Thursday, August 11, 2011

Fashion is the medium.

"For me, what I do is an artistic expression which is channeled through me. Fashion is just the medium."
-Alexander McQueen

During the scorching summer months of May through July, the world was in a frenzy over the late, Alexander McQueen's final exhibition, Savage Beauty, at The Metropolitan Museum of Art (The Met) in NYC, revealing an extensive look into his artistic creations he deemed as fashion. The wait was over three hours but as an artoholic, leaving was not an option.

The signage inside The Met, warning of a two-hour wait to the exhibit.

They weren't joshing us!

Offering a retrospective of his works from 1992 until his untimely, tragic and suicidal death at the tender age of 40, in February of 2010, the exhibition unveiled a world of runways filled with theatrics and romance of utter ethereal beauty that bridged art with high-end couture.  His visions of Romanticism, the Gothic, Nationalism, Exoticism, Primitivism and Naturalism were transcended and featured in the display of over one hundred ensembles and seventy accessories from his nineteen-year prolific career.  This exhibition was not just a simple display of ensemble after ensemble, rather there was a curatorial feel that brought to the viewers a sense of McQueen's passion in expressing his cutting-edge imagination.

As I stood at the edge of the line, anticipating the exhibition, the sound of trance plays in the background. I stroll in to find the first room of his early oeuvre, "The Romantic Mind" of a dark ambiance holding headless mannequins fashioning McQueen's signature three-point "origami" frockcoat in various tailors curated in a divide of space that parallel color and blackness.

First room of exhibition, "The Romantic Mind"
Image courtesy of The Photograph Studio, The Metropolitan Museum of Art.

I walk along to find an almost sadomasochistic cinematic display of mannequins adorned in leathers, chains and metals.  The artist revealed, "my idea was this mad scientist who cut all these women up and mixed them back together".  Mad scientist or simply an aim to offer women's underlying sexuality?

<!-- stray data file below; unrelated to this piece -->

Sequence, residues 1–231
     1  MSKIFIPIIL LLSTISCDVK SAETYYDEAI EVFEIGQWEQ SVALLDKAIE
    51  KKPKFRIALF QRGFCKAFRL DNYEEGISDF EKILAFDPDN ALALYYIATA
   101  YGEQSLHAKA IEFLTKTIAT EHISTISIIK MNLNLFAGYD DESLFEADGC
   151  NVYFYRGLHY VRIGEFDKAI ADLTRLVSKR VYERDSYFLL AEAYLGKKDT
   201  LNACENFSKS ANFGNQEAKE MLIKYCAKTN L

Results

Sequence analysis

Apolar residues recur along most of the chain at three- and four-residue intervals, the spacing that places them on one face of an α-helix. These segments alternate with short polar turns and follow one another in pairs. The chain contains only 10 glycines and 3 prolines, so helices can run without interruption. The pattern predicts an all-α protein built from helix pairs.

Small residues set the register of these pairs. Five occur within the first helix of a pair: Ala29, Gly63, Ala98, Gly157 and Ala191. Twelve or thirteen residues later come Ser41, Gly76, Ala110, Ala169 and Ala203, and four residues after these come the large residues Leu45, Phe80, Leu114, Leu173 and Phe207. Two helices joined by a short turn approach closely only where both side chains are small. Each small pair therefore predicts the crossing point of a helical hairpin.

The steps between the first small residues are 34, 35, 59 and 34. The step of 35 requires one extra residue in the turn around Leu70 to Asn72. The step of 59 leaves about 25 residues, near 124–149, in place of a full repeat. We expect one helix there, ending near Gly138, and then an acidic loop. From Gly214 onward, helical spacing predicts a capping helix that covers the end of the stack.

Highlight from The Horn of Plenty
For this collection, McQueen reveals, "...There is a hidden agenda in the fragility of romance. It's like the Story of O, I'm not big on women looking naive. There has to be a sinister aspect, whether it's melancholy or sadomasochist."
Page 81
EnsembleThe Horn of Plenty, autumn/winter 2009-10
Jacket of black leather, black fox fur, and silver metal; skirt of black leather
Image taken from the catalogue produced by The Met for the exhibition.
Usually when creative persons express themselves through their works, their background comes into play. In the "Romantic Nationalism" room the designer reveals his Scottish roots with an autobiographical narrative of his national pride, specifically with the Widows of Culloden and Highland Rape collections. Semi-naked and blood splattered mannequins take hold of the space to reflect on the nations trials and tribulations throughout its history.  Even though the actual runway show created a stir during its debut in 1995, I felt the fashions were romantic in the way he exaggerated the forms and made use of the plaid design of the traditional Scottish bagpipes - there was a level of refinement and a sense of pride in each.